By: Shenelle Wallace

Back in the day, I remember when the church used to be highly respected. If one professed to be a Christian it would be admirable. Whenever a preacher walked by folks would straighten up, nod in reverence, or even say “Good Morning.” Attending church would be a big deal because you would be entering into the presence of the Holy God. Today, when you say you are a Christian you get a “Yeah right” and people are ready to point out all your flaws. When preachers walk by they are sometimes mocked or scoffed at. When going to Church, people question if God is even there at all.  The church to many has become a bit of a joke. The masses have little respect for it much less take it seriously.  I don’t know when we lost it, or even how, but we need to get it back.

Of course someone rejecting your proclamation as a Christian does not mean it’s not validated, just like scoffing at a preacher does not make him any less a man of God, and doubting that God is in the house does not mean that he isn’t there (Matthew 18:20). But the reverence that once was, is no more, and that’s a problem.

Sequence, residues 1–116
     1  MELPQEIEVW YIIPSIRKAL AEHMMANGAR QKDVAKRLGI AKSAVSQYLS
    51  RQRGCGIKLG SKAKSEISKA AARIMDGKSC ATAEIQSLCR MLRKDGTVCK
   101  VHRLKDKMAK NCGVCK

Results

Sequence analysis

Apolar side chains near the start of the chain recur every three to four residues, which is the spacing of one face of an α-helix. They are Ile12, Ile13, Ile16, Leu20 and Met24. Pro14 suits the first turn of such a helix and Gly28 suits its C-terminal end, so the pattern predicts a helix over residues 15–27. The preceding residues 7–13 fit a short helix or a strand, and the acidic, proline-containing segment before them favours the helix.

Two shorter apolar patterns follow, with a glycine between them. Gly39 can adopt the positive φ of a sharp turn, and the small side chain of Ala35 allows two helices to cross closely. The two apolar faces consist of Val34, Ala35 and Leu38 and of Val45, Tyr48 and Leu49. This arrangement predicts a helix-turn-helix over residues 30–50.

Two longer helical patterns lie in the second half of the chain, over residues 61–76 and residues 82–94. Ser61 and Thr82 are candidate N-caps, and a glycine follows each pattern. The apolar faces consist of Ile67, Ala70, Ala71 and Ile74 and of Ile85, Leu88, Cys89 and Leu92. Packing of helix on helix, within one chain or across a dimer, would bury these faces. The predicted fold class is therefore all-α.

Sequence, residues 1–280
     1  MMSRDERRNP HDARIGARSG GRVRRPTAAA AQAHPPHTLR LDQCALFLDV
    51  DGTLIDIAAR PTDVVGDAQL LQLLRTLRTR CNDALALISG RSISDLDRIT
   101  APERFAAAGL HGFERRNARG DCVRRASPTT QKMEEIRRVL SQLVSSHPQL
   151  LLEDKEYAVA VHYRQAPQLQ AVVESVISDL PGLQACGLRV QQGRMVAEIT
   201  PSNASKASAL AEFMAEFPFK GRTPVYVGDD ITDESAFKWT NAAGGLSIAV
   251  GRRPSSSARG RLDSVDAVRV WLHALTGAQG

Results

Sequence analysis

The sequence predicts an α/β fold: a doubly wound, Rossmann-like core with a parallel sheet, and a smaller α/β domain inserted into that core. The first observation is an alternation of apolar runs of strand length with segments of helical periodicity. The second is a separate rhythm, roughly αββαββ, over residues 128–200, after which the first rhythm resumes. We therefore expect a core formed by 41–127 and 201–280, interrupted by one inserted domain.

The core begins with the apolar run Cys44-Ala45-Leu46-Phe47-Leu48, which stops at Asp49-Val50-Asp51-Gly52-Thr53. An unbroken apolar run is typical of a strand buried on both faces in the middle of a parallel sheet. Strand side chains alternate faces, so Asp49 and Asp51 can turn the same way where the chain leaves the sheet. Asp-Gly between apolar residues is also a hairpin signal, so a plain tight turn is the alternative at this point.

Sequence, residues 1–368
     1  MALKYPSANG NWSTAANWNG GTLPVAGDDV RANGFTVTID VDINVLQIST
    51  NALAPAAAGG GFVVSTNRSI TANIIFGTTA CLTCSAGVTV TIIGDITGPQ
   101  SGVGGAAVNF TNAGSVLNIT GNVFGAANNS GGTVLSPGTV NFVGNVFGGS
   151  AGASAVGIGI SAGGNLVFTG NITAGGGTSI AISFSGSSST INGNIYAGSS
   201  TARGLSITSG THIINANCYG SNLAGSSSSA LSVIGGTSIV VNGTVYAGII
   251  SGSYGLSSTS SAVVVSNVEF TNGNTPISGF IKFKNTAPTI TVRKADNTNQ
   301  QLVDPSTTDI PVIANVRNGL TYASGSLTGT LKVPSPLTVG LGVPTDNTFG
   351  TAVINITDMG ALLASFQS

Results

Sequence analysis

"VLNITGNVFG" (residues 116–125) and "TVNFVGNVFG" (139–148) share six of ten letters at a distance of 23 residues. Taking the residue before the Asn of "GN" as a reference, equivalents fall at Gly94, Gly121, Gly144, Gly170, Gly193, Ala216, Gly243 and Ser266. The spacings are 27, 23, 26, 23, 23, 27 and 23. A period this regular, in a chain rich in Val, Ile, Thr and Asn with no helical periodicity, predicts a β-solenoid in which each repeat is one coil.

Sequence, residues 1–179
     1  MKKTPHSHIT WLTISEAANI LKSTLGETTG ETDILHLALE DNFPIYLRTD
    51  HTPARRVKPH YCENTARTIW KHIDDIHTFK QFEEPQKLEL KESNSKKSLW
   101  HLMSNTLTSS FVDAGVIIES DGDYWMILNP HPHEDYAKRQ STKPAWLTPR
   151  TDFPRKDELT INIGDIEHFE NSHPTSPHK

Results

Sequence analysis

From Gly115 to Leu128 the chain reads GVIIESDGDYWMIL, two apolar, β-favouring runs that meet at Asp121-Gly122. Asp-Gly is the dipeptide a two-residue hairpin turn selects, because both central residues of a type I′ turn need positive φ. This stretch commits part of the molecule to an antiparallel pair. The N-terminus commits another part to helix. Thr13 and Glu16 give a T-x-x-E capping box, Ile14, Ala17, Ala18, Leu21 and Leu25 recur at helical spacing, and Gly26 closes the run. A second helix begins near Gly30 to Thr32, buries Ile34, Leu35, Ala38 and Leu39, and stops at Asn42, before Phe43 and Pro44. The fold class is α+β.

Matthew 5:13 reads:  “You are the salt of the earth. But what good is salt if it has lost its flavor?” Salt is an essential mineral, and also acts as a preservative, to keep things from going bad.  It adds flavor and it also creates thirst. Jesus used that metaphor as an example of what we should exude as Christians. People should thirst for the joy, peace, and fruitful lives that we have in Christ.  They should view having a relationship with God as a necessity in their life and not just an option.  

The second half of that verse asks the question what is salt good for if it has lost its flavor? The very purpose that it serves. Nothing.

The then question arises how have we lost our flavor? Salt loses its flavor by being diluted, mixed or contaminated. Since we are Christians, assuring that this does not happen starts with us.

We have a huge responsibility to be the salt of society, preserving to prevent moral and spiritual decay, adding taste so that we can lead others to Christ, giving meaning where there is no meaning, and hope where there is no hope. Let’s all start creating a great deal of thirst today.